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sib

Definition from Dictionary, a free dictionary
To fall in love is easy, even to remain in it is not difficult; our human loneliness is cause enough. But is a hard quest worth making to find a comrade through whose steady presence one becomes steadily the person one desires to be.
Anna Strong
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English

Etymology

From Middle English, itself from Old English sibb 'kinship'; akin to Old High German sippa and [[w:Template:lang:la language|Template:lang:la]][[Category:Template:lang:la derivations]] suus

Pronunciation

Adjective

sib (comparative {{{1}}}, superlative {{{2}}})

Positive
sib

Comparative
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Superlative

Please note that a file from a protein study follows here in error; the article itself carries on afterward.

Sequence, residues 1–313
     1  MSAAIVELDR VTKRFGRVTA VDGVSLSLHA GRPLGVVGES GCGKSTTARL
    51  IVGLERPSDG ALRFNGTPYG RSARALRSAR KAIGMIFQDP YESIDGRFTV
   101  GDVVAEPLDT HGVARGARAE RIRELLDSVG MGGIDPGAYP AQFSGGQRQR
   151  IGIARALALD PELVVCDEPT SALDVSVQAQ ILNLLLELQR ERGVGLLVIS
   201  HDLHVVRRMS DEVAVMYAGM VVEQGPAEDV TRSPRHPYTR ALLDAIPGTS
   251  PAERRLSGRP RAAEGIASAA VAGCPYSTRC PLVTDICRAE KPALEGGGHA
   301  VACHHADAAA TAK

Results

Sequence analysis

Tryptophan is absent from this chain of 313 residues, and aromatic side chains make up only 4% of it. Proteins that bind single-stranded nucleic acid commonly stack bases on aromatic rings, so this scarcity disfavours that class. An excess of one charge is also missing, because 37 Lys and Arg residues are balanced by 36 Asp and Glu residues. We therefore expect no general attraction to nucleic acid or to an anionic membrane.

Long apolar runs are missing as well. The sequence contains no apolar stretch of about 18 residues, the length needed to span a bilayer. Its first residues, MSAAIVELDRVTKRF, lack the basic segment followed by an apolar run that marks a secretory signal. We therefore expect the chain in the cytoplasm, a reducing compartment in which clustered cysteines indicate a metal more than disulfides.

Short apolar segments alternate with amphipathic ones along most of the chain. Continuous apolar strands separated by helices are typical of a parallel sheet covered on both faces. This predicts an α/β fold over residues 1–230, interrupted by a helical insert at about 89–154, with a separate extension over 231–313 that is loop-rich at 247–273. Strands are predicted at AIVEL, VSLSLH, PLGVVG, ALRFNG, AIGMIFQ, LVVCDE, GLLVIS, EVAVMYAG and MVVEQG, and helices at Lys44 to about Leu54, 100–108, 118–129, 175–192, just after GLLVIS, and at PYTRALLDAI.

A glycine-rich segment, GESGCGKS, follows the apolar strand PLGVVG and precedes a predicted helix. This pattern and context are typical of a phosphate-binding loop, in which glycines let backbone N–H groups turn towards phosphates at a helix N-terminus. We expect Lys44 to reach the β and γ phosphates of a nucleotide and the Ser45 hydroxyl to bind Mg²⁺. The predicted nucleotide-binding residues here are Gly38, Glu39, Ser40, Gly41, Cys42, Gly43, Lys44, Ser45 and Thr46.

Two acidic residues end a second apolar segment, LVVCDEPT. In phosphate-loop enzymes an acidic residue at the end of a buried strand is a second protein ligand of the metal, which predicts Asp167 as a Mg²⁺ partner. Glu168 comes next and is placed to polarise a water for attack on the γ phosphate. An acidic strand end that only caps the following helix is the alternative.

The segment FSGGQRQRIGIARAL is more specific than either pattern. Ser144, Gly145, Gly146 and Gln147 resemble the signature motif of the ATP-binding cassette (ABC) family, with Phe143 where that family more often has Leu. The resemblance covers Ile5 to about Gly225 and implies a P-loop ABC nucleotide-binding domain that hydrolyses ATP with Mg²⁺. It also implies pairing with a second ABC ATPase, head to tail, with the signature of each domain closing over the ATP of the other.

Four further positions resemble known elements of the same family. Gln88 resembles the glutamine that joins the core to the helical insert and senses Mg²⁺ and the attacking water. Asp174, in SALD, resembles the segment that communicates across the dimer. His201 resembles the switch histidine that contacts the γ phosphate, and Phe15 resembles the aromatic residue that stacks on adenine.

{{{2}}}

  1. related, by birth or descent; similar to
    • 1980, Anthony Burgess, Earthly Powers:
      But she got up to go, and Domenico obeyed me too in mock meekness, making himself sib and coeval to Hortense, submissive to frowning elder brother, something incestuous in it.

Noun

Singular
sib

Plural
{{{1}}}

sib ({{{1}}})
  1. kindred, relatives; kinsman, blood relation.
  2. sibling, brother or sister (irrespective of gender); in biology extended to any group of animals or plants sharing a corresponding genetic relation
  3. a group of individuals unilaterally descended from a single (real or postulated) common ancestor

Derived terms

References

  • Webster's Seventh New Collegiate Dictionary, Springfield, Massachusetts, G.&C. Merriam Co., 1967

Old High German

Etymology

West Germanic *sibhi, whence also Old English sife

Noun

sib n

  1. sieve

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